Oh my! Haha! Well, that’s great that it worked out so well this time! How nice to hear that you found my information helpful! Sounds like you put the leftovers to good use as well! Your comment sure was nice to read, thank you for commenting and leaving a star rating! I appreciate it very much!

  29. Kimberly Fletcher says:

    I’m cookibg this right now, or, rather, my crock pot is. I have 3 more hours to go and CAN HARDLY WAIT. Thank you so much for sharing this recipe with us.

  30. Tana says:

    Absolutely phenomenal! Not only was the recipe fantastic, and the dinner itself fantastic, but I particularly found your explanations and photos very helpful. Thank you so much.

  31. Tana says:

    Tried to give it 5 stars, not sure if I hit enter too soon. Thanks again.

    • Terese says:

      The stars did not go through for some reason. I’ll add them for you to this post as I am not able to edit that part. If you decide to try again, and it works, I will remove them from this reply. Thank you very much for the star rating!!!

  32. Meagan says:

    Love this recipe. Never thought about thickening the broth, made it taste so much better

  33. Jennifer says:

    Definitely gonna try this tonight! 🙂

  34. Jaymie says:

    AMAZING! I’ve been using this recipe for years. Thank you!

  35. Cam says:

    Amazing! I’m not a great cook but this helped tons! I finally made a juicy roast! Thank you!!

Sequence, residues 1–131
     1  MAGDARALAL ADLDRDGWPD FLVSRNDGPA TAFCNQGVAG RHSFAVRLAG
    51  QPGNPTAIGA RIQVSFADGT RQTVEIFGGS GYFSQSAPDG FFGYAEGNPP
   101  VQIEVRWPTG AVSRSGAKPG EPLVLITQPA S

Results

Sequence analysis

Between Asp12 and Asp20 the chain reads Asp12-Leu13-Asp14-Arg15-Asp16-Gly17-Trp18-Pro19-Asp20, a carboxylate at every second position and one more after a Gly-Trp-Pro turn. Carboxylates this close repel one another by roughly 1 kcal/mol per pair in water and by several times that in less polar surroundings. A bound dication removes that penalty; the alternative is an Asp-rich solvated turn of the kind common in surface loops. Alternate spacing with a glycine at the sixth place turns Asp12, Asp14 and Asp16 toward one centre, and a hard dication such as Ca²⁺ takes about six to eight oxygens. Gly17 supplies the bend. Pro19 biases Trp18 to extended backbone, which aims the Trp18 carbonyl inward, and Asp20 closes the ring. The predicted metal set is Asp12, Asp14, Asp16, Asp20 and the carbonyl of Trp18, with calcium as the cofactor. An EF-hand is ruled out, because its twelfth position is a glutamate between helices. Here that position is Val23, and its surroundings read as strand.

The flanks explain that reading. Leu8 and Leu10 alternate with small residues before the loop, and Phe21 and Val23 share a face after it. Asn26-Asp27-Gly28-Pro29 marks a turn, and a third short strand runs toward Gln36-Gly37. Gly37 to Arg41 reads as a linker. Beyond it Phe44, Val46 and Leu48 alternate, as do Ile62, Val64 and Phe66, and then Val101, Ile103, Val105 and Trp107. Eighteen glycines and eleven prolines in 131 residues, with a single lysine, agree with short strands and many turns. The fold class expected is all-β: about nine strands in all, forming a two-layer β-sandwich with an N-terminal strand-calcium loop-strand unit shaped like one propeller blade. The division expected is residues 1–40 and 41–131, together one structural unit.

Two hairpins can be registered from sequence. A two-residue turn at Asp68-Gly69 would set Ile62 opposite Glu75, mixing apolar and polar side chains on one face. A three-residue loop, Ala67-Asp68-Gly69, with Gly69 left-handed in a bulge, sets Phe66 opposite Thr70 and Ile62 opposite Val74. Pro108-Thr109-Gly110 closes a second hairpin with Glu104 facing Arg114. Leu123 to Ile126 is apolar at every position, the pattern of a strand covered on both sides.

36. Rebecca says:

    Love this recipe!

  37. Shayla says:

    Gosh I can’t tell you how many roasts I’ve ruined in the last couple years. Trying recipe after recipe and never knowing where I’ve gone wrong. My poor husband. Well because of you we had a delicious and TENDER roast! Finally! I can’t thank you enough! You may have even saved my marriage 😉 I have bookmarked this and will come back to it time and again! Thanks!

  38. Ellie says:

    Terese dear – what can I say that hasn’t already been said??
    Your recipe is absolutely amazing and exactly what I needed!! Having such a delicious, hearty, ‘set it and forget it’ meal option has really impacted my day to day in the most tremendous way. And even at twice per week (in times when things get incredibly busy for this entrepreneur / community volunteer / committee sitter / never sleeper), a recipe this delicious feels like a treat every single time. This truly can make all the difference between a stressful night and an evening of delightful dining (yes, dinner in and of itself can stress me out some days, hahahaha).